Since the mid 1980’s much effort has gone into studying the lack of equity representation in apprenticeship across Canada. Almost one hundred reports have been written during this time by the key players: community organizations and advocacy groups such as Women in Trades and Technology (WITT) and the Women’s Employment and Training Coalition (WETC); trade associations and councils; national groups such as the Canadian Labour Force Development Board (CLFDB), the Canadian Labour Market and Productivity Center (CLMPC), the Canadian Vocational Association and the Canadian Guidance and Counseling Foundation; provincial-territorial and federal governments: provincial ministries responsible for education, skills development and training, labour market and the status of women, and Human Resources Development Canada (formerly Employment and Immigration Canada); apprenticeship boards; and provincial labour force development boards.

These studies reflect common themes and issues, one often building on the other. The primary focus is on the low levels of participation of women and other equity groups in apprenticeship; barriers to obtaining access to apprenticeship for equity groups; methods of overcoming and/or eliminating these barriers; surveys of other jurisdictions in Canada; and recommendations. Recommendations from one report to another resemble each other despite the year of the report. Some of these recommendations have been implemented and are discussed in detail in Section VI, Initiatives to Promote the Participation of Equity Groups.

One common denominator of these studies is that many of the recommendations are not implemented or operationalized. These recommendations appear over and over but with little mention of why they have not been actioned or why progress has been so slow to occur. One key question that needs to be answered is why is this the case.

This picture may lead one to believe that little substantive progress has been made, and this is true if one looks only to the participation rate of equity group members in apprenticeship. Equity is squarely on the agenda in the 1990s, unlike twenty years ago. It would be easy to overlook the very real progress that has been made and the very real challenges that exist for one to access apprenticeable trades.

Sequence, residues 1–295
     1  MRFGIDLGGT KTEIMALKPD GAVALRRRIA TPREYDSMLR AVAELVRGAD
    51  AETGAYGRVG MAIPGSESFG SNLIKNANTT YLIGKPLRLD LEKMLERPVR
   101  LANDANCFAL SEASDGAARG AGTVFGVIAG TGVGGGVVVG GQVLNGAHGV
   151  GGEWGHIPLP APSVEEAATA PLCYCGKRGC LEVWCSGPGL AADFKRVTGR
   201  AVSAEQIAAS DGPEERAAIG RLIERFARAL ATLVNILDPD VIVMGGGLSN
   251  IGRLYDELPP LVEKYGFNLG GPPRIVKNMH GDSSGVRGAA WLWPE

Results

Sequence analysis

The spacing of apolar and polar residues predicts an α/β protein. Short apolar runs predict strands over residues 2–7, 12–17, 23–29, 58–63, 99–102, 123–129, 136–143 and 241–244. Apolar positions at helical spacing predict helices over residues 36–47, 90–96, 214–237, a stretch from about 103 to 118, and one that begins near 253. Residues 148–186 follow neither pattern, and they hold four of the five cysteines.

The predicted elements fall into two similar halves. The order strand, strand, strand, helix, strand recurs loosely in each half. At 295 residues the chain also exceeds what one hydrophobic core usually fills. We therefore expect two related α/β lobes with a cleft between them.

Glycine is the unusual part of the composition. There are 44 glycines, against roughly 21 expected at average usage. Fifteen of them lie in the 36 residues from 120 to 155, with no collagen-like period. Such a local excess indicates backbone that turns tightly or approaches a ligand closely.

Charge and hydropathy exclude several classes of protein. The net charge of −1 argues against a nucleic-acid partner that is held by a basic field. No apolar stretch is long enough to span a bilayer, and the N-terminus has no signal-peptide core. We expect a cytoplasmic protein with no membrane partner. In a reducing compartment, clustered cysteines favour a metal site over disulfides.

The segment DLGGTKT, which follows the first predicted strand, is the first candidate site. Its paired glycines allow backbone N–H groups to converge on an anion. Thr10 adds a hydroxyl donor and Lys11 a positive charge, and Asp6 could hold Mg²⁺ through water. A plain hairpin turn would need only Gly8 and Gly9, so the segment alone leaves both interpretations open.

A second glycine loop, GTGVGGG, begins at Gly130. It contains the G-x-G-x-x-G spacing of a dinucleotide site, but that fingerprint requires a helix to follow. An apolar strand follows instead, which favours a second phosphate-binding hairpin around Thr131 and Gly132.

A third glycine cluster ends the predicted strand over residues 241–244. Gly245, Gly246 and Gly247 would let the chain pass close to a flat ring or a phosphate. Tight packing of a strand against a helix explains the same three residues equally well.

Apprenticeship is a learning system as well as a set of programs and is unlike most other post-secondary training. The learning in the apprenticeship system takes place primarily in the workplace and focuses on learning by doing. In addition, apprenticeship is based on industry driven demand and not supply driven which often makes participating in the apprenticeship system more difficult.

The 1995 Equity in Apprenticeship discussion paper prepared by the Canadian Labour Force Development Board (CLFDB) National Apprenticeship Committee described the many steps that are required to achieving journey-level status in a trade. The paper indicated that individuals must:

Perceive the trades as an appropriate and realistic career choice.

Be knowledgeable about the skilled trades and understand that entry to them is through apprenticeship training.

Determine the educational qualifications necessary to enter training and how to acquire them if they do not have the entrance requirements.

Know where to apply to enter apprenticeship, who hires apprentices and in which trades.

Be hired into a job for apprenticeship training and become registered as an apprentice with the provincial government.

Fulfill all the training requirements and pass the final examination to obtain certification.

The nature of the apprenticeship system makes access to it even more difficult for equity group members.